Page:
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The 10-Point: My Guide to the Day's Top News.

The Wall Street Journal
Good morning,
The Going Rate
The U.S. Federal Reserve faces a decision that will test Chairwoman Janet Yellen’s ability to lead an uncertain policy-making committee: whether to raise interest rates at its September meeting. An increase could be in the cards, but the minutes of the Fed’s July meeting suggest that officials have wide-ranging views about taking that step and several notable sources of trepidation. The central bank has turned a wary eye to China, saying that “the possibility of adverse spillovers from slower economic growth in China raised some concerns.” Meanwhile, U.S. Treasury bonds rallied broadly yesterday upon news of the report, while a tumble in oil prices prompted investors to sell shares of energy companies, weighing on the broader stock market. And another fall in China’s stock market overnight looks set to produce more jitters in the U.S. today.
The Parent Trap
Marine Le Pen’s quest to transform the French far-right National Front party from a fringe movement into a dominant force in European politics is hitting a fundamental obstacle: her father, party founder Jean-Marie Le Pen. Her success at the polls, however, ultimately hinges on whether the National Front can broaden its appeal to mainstream voters by removing the stain of World War II-era recriminations that have long made far-right parties taboo in Europe’s highest offices. That struggle is embodied in her tug of war with her father, a hero of Europe’s far right. Mr. Le Pen will appear before a National Front disciplinary hearing today to decide whether he should be expelled from the party.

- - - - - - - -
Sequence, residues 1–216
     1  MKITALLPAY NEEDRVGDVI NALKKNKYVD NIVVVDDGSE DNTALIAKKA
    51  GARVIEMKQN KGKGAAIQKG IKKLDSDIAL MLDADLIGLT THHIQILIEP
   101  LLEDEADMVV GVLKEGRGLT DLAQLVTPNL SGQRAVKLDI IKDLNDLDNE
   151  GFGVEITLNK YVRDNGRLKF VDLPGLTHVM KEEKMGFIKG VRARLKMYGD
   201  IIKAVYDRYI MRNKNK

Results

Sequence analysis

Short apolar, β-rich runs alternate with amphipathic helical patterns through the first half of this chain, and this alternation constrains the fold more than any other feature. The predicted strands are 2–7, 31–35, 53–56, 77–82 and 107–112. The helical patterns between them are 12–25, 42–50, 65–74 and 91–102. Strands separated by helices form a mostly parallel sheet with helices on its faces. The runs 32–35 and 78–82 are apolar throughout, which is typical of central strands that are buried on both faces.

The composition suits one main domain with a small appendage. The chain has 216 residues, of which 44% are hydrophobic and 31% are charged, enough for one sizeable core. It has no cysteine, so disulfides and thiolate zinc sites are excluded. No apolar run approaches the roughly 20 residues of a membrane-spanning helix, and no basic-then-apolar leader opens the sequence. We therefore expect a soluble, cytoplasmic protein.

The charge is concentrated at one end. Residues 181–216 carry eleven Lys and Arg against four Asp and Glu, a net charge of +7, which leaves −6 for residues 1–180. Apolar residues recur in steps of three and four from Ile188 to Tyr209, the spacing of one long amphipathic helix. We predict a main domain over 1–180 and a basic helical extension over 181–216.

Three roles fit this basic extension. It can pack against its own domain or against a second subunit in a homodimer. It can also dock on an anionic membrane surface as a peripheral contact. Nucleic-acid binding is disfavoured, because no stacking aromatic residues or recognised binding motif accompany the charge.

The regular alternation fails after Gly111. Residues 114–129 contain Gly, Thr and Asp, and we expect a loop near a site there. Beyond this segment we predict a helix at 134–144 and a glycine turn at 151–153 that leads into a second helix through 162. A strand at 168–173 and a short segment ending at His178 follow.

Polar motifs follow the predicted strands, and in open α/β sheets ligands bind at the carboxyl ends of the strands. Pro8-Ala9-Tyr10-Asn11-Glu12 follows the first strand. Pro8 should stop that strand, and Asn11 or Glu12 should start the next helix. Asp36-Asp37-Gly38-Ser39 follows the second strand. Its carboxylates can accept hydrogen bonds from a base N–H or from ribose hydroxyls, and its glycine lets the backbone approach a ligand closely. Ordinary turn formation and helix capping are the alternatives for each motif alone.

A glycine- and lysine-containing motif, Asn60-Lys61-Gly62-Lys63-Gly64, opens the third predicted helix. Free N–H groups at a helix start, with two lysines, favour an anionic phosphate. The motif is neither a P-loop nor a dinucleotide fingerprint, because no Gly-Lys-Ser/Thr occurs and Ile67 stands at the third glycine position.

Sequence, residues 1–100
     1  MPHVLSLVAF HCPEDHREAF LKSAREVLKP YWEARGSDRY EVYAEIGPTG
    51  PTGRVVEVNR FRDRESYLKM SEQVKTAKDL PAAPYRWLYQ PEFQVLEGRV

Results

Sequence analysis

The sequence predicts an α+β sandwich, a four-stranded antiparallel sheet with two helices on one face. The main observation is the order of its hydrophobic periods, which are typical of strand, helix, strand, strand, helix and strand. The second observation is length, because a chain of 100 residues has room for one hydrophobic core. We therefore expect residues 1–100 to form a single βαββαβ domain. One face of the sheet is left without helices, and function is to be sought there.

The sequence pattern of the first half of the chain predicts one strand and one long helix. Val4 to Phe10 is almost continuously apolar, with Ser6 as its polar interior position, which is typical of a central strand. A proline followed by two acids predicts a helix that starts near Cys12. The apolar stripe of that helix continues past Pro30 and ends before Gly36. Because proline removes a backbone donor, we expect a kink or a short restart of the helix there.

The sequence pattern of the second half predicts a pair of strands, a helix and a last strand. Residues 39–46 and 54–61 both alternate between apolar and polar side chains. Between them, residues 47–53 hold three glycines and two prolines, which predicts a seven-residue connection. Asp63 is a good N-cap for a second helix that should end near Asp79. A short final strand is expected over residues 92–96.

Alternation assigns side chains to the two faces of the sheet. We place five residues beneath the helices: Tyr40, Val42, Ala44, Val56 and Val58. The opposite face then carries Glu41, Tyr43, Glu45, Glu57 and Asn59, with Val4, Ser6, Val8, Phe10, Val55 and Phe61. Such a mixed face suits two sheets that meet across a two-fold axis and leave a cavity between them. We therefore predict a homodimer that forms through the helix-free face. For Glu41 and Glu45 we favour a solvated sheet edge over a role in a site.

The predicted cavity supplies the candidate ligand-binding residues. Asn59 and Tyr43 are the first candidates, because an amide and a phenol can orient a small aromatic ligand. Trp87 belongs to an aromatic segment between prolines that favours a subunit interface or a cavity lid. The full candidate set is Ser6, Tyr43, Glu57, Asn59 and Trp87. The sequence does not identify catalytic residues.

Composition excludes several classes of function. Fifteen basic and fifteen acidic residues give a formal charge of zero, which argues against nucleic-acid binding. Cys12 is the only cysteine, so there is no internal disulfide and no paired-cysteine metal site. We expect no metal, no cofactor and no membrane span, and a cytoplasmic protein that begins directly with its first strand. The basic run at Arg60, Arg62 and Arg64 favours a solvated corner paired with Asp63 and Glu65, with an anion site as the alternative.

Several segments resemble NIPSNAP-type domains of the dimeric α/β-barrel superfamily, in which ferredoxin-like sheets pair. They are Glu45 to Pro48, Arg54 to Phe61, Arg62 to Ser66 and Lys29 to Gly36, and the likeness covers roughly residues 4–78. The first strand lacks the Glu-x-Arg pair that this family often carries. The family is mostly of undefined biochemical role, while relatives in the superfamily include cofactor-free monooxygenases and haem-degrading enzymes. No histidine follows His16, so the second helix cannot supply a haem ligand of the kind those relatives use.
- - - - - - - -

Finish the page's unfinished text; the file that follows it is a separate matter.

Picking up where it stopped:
Can You Dig It?
It’s getting dark down the mines. Glencore swung to a steep first-half loss, hit by price falls in the raw materials it extracts and lower profit from the trading business. Its debt, the largest among the big miners, is spooking investors, who worry the company may lose its investment-grade credit rating. The biggest mining companies have been hemorrhaging jobs as they downsize to cope with a prolonged China slowdown and a commodity-price slump. “Glencore set out to be different from all the other miners. That is proving precious little help,” notes our Heard on the Street London editor Helen Thomas. Meanwhile, one prominent law firm has an idea that may be music to the ears of companies like Glencore: end quarterly earnings reports.
Check That Bag
Confusing differences in how airlines measure luggage can cause frustration for passengers checking in, our Middle Seat columnist Scott McCartney writes. Travelpro and other luggage makers say the industry practice in the U.S. is to size bags by the dimensions of the packing area without counting wheels and handles. But airlines count wheels and handles and have grown more strict about enforcing rules. Bag sizing has become a big issue since major airlines began charging to check them in seven years ago, prompting passengers to carry more stuff on to avoid fees. And, as airlines install more seats into jets, passengers increasingly compete for overhead bin space.